Driven to clean up their code by customer pressure, regulations, and fear of bad publicity caused by breaches, enterprises and software houses are focusing on secure code initiatives and employing next-generation tools to identify bugs -- before software is deployed.
"If we could get everybody with a wallet to start thinking about these things before they contract for development, either internally or externally, then we would really eliminate a lot of these [security] problems," says Jack Danahy, worldwide security executive for IBM. "You would not have to be managing as many vulnerabilities out in the field."
Last week IBM announced improvements to its AppScan vulnerability analysis and reporting product, including a consolidated view of vulnerabilities and the inclusion of new technology that aids in the analysis of Web applications. The company aims to make the software -- and its Rational development platform -- a more popular way for software houses and large enterprises to develop their applications.
The company is not alone. In August, HP announced it had acquired Fortify Software, a maker of code auditing products. The increasing use of secure development tools by nonsoftware makers is one reason the acquisition made sense, says Brian Chess, chief scientist at HP Fortify.
"We are moving from just serving kind of the high end to serving more the mainstream," Chess says. "Their software comes from many sources ... they don't build it all themselves, so it's more of a supply-chain management problem."
During the past four years, studies showing the tremendous cost of fixing flaws after software has been released have helped drive managers to commit to fixing the issues. A study released this year by Mainstay Partners and funded by Fortify found that having a secure development process -- referred to as software security assurance (SSA) in the paper -- can reduce the likelihood of repeated vulnerabilities from 80 percent to near zero and shorten the average time to fix a flaw from between one and two weeks to less than two hours.
The benefits of vetting code for security bugs has driven the market for secure development product to mainstream firms, says Danahy of IBM, which bought code-security firm Ounce Labs and its AppScan product in 2009.
"As soon as those security teams and management teams had within their grasps the analysis of how broken things were, they instantly wanted to give a better set of tools to the developers to help them fix things," Danahy says.
Both IBM and HP see the current landscape changing. Clients and customers are increasingly making secure code part of their businesses, they say. Companies that want to reduce the vulnerabilities in externally developed code need to change the contract with their providers and add language that requires the code to be checked for common flaws.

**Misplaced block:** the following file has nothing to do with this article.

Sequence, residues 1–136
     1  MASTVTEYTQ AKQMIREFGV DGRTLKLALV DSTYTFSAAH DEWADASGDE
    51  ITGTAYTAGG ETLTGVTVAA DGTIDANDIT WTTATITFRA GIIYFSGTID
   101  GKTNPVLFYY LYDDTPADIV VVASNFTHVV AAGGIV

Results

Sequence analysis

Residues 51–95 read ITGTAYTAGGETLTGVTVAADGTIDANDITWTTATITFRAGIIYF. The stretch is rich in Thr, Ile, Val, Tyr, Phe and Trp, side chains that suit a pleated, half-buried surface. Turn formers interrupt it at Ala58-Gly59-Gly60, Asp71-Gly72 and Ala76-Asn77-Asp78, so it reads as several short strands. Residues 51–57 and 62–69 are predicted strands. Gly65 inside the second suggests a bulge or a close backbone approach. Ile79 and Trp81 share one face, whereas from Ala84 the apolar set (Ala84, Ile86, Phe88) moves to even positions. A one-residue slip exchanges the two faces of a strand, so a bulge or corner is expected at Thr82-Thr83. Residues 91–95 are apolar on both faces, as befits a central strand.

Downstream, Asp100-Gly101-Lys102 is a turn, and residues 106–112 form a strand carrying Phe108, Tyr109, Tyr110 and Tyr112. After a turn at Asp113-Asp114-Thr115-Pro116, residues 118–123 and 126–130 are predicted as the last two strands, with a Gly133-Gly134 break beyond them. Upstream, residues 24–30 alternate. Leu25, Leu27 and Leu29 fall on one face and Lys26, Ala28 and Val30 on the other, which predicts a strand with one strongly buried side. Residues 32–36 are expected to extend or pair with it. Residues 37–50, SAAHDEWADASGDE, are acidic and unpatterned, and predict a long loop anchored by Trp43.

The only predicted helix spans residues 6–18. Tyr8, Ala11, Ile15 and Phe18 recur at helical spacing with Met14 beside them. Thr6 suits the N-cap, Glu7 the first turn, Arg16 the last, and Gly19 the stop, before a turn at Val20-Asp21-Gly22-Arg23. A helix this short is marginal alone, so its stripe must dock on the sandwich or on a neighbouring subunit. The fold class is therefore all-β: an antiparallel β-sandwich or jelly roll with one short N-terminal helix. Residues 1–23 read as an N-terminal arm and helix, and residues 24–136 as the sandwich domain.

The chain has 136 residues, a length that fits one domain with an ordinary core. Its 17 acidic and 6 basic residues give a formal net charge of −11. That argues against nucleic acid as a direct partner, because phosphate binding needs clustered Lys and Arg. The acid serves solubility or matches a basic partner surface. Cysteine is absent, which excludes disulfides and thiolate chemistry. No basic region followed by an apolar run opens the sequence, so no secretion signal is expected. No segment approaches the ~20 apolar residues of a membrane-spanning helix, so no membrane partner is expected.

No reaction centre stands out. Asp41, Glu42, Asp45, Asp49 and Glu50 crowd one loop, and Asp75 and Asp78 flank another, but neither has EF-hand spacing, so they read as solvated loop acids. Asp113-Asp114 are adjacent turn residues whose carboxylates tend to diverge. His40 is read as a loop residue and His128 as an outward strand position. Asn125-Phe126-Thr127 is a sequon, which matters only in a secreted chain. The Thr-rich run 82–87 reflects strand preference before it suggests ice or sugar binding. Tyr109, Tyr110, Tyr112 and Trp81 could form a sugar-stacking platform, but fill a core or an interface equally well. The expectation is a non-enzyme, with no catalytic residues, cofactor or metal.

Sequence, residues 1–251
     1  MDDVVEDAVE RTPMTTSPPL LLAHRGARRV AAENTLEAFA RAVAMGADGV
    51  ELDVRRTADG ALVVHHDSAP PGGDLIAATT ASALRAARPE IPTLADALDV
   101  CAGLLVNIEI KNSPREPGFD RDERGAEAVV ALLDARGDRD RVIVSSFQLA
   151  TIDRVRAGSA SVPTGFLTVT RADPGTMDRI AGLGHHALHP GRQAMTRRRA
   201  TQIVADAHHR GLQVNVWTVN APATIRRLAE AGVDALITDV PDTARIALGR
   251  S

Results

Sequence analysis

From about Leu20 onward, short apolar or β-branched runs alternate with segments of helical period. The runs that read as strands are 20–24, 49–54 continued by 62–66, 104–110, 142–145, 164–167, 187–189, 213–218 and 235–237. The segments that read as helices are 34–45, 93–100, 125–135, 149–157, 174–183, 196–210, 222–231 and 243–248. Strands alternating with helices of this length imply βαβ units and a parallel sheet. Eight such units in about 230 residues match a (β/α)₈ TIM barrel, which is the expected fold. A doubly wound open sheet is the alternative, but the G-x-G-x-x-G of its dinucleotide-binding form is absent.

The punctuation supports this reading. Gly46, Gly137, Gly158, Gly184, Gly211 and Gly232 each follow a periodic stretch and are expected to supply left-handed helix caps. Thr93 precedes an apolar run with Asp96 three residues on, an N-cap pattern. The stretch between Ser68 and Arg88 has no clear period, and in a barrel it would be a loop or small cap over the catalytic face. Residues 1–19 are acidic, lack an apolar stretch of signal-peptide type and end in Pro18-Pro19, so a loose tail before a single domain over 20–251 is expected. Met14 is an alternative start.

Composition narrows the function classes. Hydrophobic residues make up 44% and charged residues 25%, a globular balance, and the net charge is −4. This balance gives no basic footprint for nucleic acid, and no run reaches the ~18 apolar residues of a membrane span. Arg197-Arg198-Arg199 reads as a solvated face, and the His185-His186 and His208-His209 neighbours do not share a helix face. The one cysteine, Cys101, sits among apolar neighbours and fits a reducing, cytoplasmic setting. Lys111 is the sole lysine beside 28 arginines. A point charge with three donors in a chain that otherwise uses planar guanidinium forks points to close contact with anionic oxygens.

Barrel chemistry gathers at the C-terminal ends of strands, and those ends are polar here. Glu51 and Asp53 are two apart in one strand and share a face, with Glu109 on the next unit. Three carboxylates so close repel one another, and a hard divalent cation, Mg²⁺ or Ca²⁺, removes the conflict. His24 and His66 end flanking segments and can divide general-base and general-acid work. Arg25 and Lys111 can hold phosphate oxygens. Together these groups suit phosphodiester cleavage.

"In terms of acquiring code, you have to make sure that you are getting software from someone who takes security seriously," Fortify's Chess says.
Checking software with common code scanners is one way to validate the quality of the code, although general security checks are still an open problem. That's because code-scanning tools still have a major issue: false positives. Handing a developer a list of automatically generated exceptions and calling them flaws is a good way to lose the support of any development teams, says Caleb Sima, CEO of security firm Armorize.
"You cannot feed a code-scanning results to a developer because you will overwhelm them," he says.
Sima also argues that too many firms ramp up their secure development programs too quickly. While training developers to write more secure code is a good thing, project managers should not go overboard, he says. Rather than try to tackle the top 10 or top 25 software issues, companies should instead take a small bite.
"Simplify it by saying you must have these three issues solved," Sima says. "In too many cases, the security team has bullied their way into the development environment, and we have seen a complete rejection by the dev group as a result."
In the end, the key to success is to get the executives on board. If the people holding the purse strings can require security, then it will eventually happen, IBM's Danahy says.
Have a comment on this story? Please click "Discuss" below. If you'd like to contact Dark Reading's editors directly, send us a message.